Rado, the master builder, was well pleased with her prayer;
That she might look to the milk-white house, he left a window there,
And see the child when they brought him or bore him back again.
At last they walled her in the wall and stablished the hold amain.
They brought the babe in the cradle, she suckled him from the stone;
For seven days she suckled him; thereafter her voice was gone.
A year she gave the young child suck, and sweet did the white milk flow.
As it was then in Skadar, so sweet it runneth now.
Yea, even to-day the white milk flows, for a miracle most high,
And a healing draught for women whereof the breasts are dry!1
2 “A sort of nymph. The vilas live in great wooded mountains and in craggy places around lakes and rivers. A vila is always young and beautiful, dressed in a thin white garment, and with long hair flowing over her back and breast. The vilas will harm no one so long as no one injures them, as for instance by intruding on their dances or feasts; but when any one injures them, then they will punish him in various ways, as by shooting him in the hand or foot, or in both hands or both feet, or in the heart, in which case he at once dies.” Karájich, Servian Dictionary.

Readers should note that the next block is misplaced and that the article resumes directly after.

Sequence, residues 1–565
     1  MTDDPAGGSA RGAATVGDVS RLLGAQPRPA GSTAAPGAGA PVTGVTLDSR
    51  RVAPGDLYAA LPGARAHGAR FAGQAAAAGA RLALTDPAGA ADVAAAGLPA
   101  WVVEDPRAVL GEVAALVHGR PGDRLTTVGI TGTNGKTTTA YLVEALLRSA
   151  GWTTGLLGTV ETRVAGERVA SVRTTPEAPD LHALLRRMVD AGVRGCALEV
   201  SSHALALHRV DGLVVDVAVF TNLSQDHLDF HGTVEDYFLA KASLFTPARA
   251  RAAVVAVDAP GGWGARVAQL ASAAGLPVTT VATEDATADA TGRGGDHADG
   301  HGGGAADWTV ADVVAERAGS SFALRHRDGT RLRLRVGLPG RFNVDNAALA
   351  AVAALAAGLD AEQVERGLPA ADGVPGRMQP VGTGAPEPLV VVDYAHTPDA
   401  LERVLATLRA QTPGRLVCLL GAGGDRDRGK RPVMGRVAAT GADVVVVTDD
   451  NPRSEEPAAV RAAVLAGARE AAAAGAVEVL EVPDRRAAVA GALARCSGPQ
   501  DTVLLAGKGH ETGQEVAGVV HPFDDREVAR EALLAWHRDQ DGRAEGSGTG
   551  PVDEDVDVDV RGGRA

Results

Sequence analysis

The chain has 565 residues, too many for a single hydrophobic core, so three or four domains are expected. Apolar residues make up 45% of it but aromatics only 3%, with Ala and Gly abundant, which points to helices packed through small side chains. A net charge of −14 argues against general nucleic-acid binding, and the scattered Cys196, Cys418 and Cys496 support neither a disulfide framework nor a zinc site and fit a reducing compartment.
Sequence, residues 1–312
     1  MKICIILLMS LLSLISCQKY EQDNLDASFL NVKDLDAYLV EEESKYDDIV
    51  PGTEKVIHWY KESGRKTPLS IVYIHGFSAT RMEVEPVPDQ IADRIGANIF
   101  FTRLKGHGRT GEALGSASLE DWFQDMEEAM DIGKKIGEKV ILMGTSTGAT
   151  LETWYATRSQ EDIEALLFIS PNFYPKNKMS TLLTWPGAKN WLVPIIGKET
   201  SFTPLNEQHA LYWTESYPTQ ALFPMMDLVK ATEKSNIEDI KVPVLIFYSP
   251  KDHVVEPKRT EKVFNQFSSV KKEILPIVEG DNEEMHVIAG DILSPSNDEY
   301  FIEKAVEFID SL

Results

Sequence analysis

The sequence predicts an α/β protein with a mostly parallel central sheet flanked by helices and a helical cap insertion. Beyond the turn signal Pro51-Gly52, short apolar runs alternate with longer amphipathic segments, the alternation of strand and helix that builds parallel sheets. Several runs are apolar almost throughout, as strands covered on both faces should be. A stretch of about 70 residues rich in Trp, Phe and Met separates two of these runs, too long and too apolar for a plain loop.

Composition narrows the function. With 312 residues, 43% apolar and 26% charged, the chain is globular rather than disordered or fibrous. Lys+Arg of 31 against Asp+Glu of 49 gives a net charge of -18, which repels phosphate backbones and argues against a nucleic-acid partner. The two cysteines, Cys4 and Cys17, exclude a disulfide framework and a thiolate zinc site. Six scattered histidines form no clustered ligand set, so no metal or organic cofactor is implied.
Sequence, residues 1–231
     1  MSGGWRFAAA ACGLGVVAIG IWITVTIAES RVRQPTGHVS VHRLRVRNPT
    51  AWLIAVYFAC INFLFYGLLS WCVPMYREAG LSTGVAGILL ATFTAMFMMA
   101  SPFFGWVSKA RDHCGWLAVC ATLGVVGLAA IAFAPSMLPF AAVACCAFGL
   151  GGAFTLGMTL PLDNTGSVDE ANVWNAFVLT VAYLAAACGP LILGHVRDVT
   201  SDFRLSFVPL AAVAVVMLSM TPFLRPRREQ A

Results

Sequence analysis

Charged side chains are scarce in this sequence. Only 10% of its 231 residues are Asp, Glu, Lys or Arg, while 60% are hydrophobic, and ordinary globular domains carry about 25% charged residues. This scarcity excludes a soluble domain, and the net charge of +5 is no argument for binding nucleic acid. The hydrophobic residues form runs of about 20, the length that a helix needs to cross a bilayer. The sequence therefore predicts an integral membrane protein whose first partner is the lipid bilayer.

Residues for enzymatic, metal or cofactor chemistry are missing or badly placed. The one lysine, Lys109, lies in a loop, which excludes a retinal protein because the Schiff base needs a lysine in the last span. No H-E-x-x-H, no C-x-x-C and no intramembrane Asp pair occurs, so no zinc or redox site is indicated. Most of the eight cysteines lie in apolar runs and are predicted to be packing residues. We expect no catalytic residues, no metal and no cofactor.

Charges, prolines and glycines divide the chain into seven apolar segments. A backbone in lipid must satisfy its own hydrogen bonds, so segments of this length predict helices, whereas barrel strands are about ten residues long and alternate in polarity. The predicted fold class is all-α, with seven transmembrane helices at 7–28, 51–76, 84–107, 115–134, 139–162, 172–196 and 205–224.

1 Stoyan is a common Servian name (cf. p. 202), of which Stoya (for Stóyana) is the feminine diminutive. But stoyan is also an adjective meaning stable, enduring; and stoya a noun meaning a standing, a position; both are from the same root as stóyati, to stand.
1 “They say that even now from the windows where her
breasts were exposed flows a certain moisture, which collects below the wall as lime; and women who have no milk, or whose breasts pain them, take this and drink it in water. Among our people it is said even now that no great building can be constructed unless some person be walled into it; and therefore all who are able retire from such places, since it is said that even a person’s shadow may be walled in, and he afterwards dies.” (Note by Karájich.)